Transamerica introduced the first Indexed Universal Life (IUL) insurance in the late 1990s, and since then it has grown to be over 50% of all of the Universal Life insurance premium in force and over 20% of the total premium for individual life insurance. While Indexed Universal Life insurance IUL has become a widely sold and very popular insurance product, the mechanics of how it works are not widely understood.
We now have over 40 life insurance companies offering indexed universal life. Some of the best companies for building cash value and taking a tax-free income at retirement are:
Let’s examine what makes Indexed Universal Life (IUL) insurance “tick” and how it works.
Why buy IUL?
Indexed universal life products are an ideal solution for folks who have a need for a death benefit and also want the potential for cash value growth that is risk-free. It occupies the space between traditional universal life (ultra-conservative) and variable universal life insurance (risk involved). Today’s low-interest-rate environment has made universal life less attractive to many consumers, plus the back-to-back recessions of 2000 – 2002 and 2007 – 2009 have left other consumers wary of investing directly in the market because of the volatility. These conditions have essentially shined a spotlight on IUL.
How Interest is Determined and Credited
When you purchase an indexed universal life insurance policy, you are not investing in the stock market. Even though the interest credited in an index account is based on a selected index, funds are not directly invested in the stocks that make up each index, therefore, an index does not include dividends that may be paid by the underlying companies. In other words, your account will not benefit from dividends.
- As premiums are paid, a portion of the payment is used for the cost of the life insurance coverage and the balance is directed to an account that earns interest based on the performance of the accounts selected.
- Policyowners can choose to have premiums allocated to an account that offers a fixed rate of return (called a fixed account), to an index account, or to a combination of both.
- With an index account, the interest credited is linked to the growth (if any) of a stock market index, which is a well-known numerical value used to measure the performance of a group of stocks (S&P 500, Nasdaq, etc.).
- When premium is allocated to an index account, an index segment is created, and the beginning value of the index is recorded. At the end of a designated period (also known as an “index period”), the index value is used to calculate the index growth for the index period. The specific calculation depends on the index crediting method.
- If the index growth is positive, interest is credited to the policy’s cash value; the interest for that period is locked in and a new index period begins. Interest credited is subject to an index cap. The cap rate is the maximum amount of interest credit as determined by the movement in the market index and specified in the policy contract.
- If the index growth is negative, the value in the index account will remain the same. In no case will the interest credited be less than zero percent. This rate is called the floor rate. In this way, Indexed Universal Life provides the opportunity for clients to earn interest based on the upward movement of the selected index (the market) but offers downside protection from a declining market because of the floor.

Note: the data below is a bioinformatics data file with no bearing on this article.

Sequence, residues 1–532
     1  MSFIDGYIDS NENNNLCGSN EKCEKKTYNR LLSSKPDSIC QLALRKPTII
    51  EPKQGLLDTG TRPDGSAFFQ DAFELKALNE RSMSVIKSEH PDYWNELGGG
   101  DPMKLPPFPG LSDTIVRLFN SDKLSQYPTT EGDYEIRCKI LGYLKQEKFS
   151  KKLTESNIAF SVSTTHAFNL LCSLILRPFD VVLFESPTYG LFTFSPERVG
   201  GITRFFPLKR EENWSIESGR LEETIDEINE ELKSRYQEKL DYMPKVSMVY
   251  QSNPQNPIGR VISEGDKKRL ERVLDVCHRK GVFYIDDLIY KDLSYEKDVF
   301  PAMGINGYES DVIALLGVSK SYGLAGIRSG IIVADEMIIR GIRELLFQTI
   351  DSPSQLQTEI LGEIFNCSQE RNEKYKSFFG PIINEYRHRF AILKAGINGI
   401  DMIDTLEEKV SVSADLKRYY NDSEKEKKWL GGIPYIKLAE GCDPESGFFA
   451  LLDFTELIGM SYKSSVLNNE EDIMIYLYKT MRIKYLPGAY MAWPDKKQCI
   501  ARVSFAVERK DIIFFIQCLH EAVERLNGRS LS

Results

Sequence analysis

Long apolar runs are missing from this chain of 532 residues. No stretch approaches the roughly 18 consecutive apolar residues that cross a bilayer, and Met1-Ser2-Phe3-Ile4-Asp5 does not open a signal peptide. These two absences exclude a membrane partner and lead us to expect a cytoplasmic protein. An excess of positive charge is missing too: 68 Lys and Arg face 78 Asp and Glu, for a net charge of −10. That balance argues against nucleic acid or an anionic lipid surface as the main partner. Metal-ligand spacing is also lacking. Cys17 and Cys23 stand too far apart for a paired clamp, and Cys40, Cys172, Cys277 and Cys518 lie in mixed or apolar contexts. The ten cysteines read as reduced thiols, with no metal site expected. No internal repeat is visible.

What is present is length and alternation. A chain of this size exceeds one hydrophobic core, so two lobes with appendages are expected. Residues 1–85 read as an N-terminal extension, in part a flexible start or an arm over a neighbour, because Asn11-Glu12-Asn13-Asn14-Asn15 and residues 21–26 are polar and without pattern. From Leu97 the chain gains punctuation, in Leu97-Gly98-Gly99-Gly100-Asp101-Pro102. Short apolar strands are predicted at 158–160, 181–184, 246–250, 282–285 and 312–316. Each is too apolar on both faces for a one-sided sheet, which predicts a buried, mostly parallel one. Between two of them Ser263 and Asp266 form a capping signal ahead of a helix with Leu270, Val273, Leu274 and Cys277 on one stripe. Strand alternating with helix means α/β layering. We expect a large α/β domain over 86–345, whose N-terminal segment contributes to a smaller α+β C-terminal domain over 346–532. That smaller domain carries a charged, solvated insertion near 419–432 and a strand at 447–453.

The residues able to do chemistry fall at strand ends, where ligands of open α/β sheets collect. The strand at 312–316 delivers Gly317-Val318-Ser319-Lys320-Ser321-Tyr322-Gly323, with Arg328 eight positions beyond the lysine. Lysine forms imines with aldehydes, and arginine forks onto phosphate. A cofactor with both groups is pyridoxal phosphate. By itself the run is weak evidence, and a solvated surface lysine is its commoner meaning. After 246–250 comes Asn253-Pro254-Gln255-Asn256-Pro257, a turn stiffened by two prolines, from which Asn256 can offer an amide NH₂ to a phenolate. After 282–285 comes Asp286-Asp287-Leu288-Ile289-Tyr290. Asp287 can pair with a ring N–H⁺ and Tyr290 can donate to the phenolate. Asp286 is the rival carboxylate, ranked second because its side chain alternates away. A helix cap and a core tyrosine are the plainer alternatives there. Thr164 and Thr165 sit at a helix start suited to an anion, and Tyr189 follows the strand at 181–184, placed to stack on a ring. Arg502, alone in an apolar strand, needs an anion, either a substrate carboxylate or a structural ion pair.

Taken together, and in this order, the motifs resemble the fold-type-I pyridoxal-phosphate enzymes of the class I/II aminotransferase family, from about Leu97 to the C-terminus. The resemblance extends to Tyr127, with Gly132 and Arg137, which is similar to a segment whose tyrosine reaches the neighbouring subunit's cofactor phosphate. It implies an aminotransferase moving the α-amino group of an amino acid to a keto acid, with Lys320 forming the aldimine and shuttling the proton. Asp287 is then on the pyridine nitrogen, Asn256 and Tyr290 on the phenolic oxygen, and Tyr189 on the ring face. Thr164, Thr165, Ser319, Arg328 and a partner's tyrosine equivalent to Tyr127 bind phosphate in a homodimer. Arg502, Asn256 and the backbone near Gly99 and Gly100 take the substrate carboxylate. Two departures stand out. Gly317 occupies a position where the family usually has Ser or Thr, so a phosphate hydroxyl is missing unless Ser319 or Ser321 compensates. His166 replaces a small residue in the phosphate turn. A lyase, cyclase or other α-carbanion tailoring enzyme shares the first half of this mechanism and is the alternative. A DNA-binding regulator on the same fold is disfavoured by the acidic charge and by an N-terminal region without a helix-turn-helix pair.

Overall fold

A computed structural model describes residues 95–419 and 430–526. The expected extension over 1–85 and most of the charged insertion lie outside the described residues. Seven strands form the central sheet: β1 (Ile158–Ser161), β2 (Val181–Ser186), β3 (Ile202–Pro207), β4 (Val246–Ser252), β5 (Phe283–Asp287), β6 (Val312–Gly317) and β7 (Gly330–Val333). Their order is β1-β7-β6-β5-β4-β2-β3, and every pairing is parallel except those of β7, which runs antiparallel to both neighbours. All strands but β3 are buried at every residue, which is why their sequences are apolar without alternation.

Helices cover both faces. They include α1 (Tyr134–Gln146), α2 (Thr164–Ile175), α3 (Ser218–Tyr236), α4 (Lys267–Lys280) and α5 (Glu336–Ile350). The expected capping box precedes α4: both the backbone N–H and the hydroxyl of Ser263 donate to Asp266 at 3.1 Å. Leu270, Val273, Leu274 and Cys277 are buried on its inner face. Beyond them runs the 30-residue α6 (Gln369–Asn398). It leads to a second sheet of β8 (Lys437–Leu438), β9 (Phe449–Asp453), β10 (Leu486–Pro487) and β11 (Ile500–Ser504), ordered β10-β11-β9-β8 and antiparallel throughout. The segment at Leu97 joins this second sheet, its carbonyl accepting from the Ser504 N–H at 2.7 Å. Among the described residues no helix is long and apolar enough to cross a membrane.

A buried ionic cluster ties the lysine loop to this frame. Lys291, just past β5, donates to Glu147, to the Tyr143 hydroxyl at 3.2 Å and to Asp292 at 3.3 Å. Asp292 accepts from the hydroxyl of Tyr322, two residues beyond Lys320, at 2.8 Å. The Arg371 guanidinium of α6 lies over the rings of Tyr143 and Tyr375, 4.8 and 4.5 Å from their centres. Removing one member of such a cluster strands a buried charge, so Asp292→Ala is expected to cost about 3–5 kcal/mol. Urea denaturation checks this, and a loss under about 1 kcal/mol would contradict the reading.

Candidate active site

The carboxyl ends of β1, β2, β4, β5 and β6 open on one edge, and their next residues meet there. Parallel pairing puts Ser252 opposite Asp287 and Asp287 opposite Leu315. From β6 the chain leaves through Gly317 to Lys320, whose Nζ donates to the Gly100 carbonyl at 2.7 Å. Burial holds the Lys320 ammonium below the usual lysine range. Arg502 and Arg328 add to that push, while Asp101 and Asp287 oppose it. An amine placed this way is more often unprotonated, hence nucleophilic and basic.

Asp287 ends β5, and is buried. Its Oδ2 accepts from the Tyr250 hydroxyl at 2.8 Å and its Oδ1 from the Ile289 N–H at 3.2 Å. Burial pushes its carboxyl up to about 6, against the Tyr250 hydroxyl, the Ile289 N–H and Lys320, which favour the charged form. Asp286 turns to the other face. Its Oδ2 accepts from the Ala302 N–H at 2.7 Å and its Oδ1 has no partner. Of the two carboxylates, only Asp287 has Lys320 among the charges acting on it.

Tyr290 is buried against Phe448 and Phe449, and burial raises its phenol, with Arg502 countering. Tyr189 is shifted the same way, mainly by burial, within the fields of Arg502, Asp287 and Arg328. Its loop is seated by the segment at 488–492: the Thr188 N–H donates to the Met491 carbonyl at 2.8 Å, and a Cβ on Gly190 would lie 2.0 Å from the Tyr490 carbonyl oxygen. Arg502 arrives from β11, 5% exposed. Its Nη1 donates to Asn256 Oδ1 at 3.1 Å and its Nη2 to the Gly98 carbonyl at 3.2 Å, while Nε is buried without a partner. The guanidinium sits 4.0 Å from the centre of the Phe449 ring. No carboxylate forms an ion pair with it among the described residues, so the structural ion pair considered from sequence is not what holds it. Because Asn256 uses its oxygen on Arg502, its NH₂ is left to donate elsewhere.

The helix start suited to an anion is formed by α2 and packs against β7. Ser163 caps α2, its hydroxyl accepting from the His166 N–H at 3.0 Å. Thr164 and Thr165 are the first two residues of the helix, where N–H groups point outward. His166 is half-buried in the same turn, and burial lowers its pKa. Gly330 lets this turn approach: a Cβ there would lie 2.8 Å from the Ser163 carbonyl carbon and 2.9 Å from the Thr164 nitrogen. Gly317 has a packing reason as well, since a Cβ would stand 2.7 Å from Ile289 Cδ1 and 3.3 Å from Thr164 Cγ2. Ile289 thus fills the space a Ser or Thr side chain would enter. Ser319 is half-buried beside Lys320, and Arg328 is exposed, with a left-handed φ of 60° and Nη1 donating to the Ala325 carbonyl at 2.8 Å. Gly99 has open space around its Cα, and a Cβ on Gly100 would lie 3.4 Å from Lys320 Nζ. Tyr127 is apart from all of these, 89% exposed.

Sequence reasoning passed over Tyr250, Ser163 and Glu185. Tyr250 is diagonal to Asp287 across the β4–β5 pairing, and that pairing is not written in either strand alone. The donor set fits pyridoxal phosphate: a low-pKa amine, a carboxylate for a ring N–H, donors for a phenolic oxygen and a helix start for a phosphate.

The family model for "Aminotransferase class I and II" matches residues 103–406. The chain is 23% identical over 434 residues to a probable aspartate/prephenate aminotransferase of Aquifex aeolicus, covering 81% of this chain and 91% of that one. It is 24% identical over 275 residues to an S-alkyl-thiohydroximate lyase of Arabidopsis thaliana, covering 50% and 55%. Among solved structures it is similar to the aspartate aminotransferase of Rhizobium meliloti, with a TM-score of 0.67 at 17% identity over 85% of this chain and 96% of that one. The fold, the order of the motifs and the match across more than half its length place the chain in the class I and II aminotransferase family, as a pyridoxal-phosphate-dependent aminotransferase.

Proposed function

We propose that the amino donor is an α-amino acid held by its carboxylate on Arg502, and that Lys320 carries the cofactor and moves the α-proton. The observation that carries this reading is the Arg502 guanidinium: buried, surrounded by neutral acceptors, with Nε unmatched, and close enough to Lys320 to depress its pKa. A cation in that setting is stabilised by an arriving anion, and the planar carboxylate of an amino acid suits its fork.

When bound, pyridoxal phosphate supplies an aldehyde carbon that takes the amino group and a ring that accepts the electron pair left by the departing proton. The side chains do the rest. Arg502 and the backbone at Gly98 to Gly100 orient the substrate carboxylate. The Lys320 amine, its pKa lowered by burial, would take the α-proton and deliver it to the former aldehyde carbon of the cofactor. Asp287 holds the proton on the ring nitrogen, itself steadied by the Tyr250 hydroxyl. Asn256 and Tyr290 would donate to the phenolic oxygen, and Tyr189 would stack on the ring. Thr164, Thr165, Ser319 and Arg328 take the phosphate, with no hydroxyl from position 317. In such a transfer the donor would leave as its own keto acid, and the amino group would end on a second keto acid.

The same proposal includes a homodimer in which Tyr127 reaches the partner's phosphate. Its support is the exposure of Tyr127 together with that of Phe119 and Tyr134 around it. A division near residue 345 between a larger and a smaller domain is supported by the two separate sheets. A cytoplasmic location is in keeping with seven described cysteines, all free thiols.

- On each monthly anniversary, deductions (fees and expenses) are made from the account value. The monthly deductions will reduce the amount in the index account and/or the fixed account.
How Index Cap rates and Floor Rates work in an IUL
Next, we’ll examine the cause and effect relationship between the index and the index account using a fictional index. There are three different scenarios that could happen — the cap year, the floor year, and the between year.
The Cap Year
In the cap year, the index grows beyond the cap rate, so interest is credited at the cap rate. In this example, the index gains 18% for the year. The policy’s interest cap of 12% applies, so although the index gained 18%, interest credited to the index account will be 12%.
The Floor Year
In the floor year, the index has negative growth, so the zero percent floor rate comes into effect. At the end of this year, we find that the index is down 11% for the year. However, because of the policy’s zero percent floor, interest credited to the index account is 0% instead of –11% and the account value is not reduced by the losses of the index accounts.
The Between Year
In the between year, the index grows at a rate higher than the floor rate, but lower than the cap rate. At the end of this year, we find that the index has grown 6%. The cap and floor do not come into effect. Interest credited to the index account is 6%.
Putting It All Together with the Annual Reset
For the purposes of this example, we’ll assume that the cap year, floor year, and between year happen in the order shown below, although they can and do occur in any order throughout the lifespan of a policy. The zero percent floor rate and the index starting value are reset each year. Let’s take a look at what that means in the graph below.
The Mechanics of the IUL